BlackBerry MDS Studio
Plugging a BlackBerry into the world of web services
The recent 4.1 release of BlackBerry Enterprise Server (BES) from Research in Motion (RIM) opens the door to a new set of mobile development tools and technologies.
BlackBerries aren't just for email – they're also a secure pipe to and from your network. With the latest build of RIM's MDS (Mobile Data Services) platform bundled with BES 4.1, BlackBerries are able to take advantage of any web services in your, and your partners', networks, and can quickly become a secure input device.
If you've got BES 4.1 running on your network, turning your Blackberry services on is nearly as easy as downloading RIM's MDS Studio application, although it's a hefty download at well over 230MB. You'll also need to pull down the documentation and sample applications at the same time. The Studio includes a BlackBerry simulator, so you can test applications as you build them.
MDS Studio is a relatively simple development tool and is used to marshal and map web services as if they were application components. An MDS application will consist of a mix of screen elements along with data and message components. You don't need to write much (if any) code to build an application – and new applications can be deployed extremely quickly using the BES's built-in software deployment tools. An application can be built in a morning and delivered the same afternoon (once tested!).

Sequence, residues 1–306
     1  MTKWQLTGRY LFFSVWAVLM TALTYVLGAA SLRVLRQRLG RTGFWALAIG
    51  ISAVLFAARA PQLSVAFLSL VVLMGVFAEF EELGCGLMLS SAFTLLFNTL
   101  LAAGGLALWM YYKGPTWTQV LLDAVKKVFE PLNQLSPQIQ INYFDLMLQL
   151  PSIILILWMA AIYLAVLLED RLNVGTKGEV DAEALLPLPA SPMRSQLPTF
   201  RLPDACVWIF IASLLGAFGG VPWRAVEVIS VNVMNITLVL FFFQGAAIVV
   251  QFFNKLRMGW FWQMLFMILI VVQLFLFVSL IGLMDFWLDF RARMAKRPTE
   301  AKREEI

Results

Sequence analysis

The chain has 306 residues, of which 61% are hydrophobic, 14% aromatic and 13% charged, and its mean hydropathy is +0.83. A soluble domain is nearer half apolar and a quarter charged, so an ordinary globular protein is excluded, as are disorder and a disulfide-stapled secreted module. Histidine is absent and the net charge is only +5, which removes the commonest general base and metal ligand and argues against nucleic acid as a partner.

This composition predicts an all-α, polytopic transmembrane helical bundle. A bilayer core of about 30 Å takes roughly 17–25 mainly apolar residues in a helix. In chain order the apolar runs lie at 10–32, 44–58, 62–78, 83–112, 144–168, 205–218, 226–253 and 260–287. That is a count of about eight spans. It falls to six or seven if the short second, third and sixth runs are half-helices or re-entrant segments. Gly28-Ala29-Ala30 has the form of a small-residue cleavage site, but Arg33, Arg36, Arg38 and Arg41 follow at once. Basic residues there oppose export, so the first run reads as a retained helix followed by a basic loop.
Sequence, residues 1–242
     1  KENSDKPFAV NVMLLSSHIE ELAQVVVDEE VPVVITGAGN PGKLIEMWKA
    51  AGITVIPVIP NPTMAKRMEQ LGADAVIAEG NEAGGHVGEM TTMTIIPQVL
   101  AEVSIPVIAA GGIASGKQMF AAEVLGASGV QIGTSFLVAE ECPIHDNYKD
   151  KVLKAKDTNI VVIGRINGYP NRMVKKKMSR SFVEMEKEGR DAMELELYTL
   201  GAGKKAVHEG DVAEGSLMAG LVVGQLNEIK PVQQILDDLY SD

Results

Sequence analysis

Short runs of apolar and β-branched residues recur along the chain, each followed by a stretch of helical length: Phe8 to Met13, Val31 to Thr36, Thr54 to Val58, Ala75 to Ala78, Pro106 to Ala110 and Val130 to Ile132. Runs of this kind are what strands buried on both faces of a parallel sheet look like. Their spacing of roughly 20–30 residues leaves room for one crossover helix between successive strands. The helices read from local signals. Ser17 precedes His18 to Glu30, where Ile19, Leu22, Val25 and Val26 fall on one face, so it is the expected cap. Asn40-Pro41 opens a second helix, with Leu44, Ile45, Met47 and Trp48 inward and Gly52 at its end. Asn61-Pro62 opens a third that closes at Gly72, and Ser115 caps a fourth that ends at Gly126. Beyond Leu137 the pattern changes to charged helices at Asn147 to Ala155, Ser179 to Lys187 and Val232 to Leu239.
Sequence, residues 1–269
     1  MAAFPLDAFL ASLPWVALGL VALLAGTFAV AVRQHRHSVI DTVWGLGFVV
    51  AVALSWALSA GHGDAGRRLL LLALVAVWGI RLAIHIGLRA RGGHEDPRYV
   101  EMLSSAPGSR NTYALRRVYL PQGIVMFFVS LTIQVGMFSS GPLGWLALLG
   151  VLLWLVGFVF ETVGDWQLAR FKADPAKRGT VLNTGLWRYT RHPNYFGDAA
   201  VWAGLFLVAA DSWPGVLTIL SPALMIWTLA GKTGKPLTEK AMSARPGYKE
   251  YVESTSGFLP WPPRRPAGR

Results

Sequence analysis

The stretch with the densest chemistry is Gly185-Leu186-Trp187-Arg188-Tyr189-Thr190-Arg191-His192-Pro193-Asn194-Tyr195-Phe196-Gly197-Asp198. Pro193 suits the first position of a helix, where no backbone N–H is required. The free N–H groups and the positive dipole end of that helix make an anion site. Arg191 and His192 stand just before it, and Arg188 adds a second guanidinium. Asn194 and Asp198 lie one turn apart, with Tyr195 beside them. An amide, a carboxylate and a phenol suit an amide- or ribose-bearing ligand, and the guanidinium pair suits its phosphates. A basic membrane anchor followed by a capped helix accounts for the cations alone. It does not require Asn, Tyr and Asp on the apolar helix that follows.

While MDS Studio is focused on extremely rapid application development, with a Quick Start that will all but build your application for you, it also gives you the tools you need to customise your applications. You can let the Studio manage messages and client data, leaving you to build the UI you want, or you can create an application from scratch, developing your own data model and messages.
MDS Studio uses WSDL to show the methods and properties associated with a web service. Web services will need to be registered with the BES MDS server – as MDS handles application security and network connections. You'll find this keeps client-side code to a minimum, something that's all too important when developing for mobile devices. Wizards guide you through the various stages of application development, and the final application can be modified and tuned through the IDE's component property tools.
If you're starting to deploy a service-oriented architecture, then RIM's MDS and the MDS Studio are well worth considering. If you need to deploy simple service connected applications to users on the road, and need to do it quickly, MDS Studio can take a set of service interfaces and turn them into an application in minutes. However, for all its speed and simplicity MDS Studio isn't a panacea. It will work well with well-defined services – but if your SOA architecture is a maze of service components, success may not be so easy to find. ®
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